China has dismissed US moves to control spyware and accused Washington of seeking to maintain “hegemony in cyberspace” under the false pretext of “national security.”
Foreign Ministry spokesperson Mao Ning said the recent White House order to crack down on certain surveillance tech would not change the fact that Washington is the “biggest threat to global cybersecurity.” US agencies have targeted foreign states and companies “under the pretexts of national security and human rights without any evidence,” Ning claimed.
“The US government, in an attempt to maintain its hegemony in cyberspace, knowingly abuses technology for cyber surveillance and theft of secrets,” she told reporters on Friday, urging the US to “stop its global hacking operations.”
While US president Joe Biden’s new executive order called to ban “commercial spyware that poses risks to national security or has been misused by foreign actors,” a reporter at Friday’s press briefing noted the move was at odds with the administration’s previous work with the Israeli cyber surveillance firm NSO Group.
According to a report in the New York Times earlier this week, the US government signed a “secret contract” with the firm through a front company in 2021, which allowed officials to use NSO Group’s ‘Landmark’ geolocation tool to covertly track “thousands” of phone users in Mexico. The deal also “allows for Landmark to be used against mobile numbers in the United States,” though the outlet said it had no evidence that had happened yet.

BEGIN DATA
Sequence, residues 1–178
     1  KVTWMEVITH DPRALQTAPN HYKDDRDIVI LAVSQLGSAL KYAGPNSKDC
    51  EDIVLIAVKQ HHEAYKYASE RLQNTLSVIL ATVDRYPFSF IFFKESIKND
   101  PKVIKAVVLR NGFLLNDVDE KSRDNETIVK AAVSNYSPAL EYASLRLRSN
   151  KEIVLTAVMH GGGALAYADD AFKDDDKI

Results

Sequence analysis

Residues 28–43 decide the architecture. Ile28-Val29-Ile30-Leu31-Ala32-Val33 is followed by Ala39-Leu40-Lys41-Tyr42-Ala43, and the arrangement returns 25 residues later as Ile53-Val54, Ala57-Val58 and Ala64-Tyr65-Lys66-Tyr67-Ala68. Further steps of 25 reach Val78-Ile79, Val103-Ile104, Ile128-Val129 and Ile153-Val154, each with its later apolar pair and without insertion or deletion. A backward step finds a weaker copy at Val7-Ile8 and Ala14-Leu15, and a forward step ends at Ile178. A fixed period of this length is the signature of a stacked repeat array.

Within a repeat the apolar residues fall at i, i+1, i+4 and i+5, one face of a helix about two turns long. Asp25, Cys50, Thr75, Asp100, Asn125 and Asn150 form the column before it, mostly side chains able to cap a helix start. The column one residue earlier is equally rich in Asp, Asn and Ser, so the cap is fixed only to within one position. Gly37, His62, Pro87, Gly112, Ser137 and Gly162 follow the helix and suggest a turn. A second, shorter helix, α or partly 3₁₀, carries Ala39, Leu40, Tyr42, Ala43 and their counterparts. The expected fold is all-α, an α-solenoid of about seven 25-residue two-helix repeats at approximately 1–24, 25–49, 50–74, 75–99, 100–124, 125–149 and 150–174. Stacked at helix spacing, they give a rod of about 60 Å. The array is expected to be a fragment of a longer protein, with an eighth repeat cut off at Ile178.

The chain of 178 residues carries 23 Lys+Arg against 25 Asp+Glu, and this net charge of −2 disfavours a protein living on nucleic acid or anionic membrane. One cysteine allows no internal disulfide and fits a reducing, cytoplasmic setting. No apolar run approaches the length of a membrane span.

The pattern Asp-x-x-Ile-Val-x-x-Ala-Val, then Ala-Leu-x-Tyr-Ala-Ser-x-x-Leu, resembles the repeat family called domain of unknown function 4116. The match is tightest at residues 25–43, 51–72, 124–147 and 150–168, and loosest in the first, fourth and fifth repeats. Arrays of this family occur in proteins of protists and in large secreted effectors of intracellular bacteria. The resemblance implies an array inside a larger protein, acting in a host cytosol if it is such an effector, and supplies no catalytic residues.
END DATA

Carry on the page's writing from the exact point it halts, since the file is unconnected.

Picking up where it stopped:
Despite language in the executive order urging federal agencies to stop employing tools that have been “misused” by governments abroad, the deal with NSO Group “still appears to be active,” the NYT reported.
The Israeli firm has previously come under fire for allegedly working with more than a dozen foreign states to target lawyers, journalists and human rights activists using its powerful ‘Pegasus’ spyware program, including in Saudi Arabia, the United Arab Emirates and Mexico. Other media reports have also claimed the FBI bought the tech under a secret agreement and tested ways to hack into American cell phones, though it remains unclear to what extent the program was deployed against US citizens.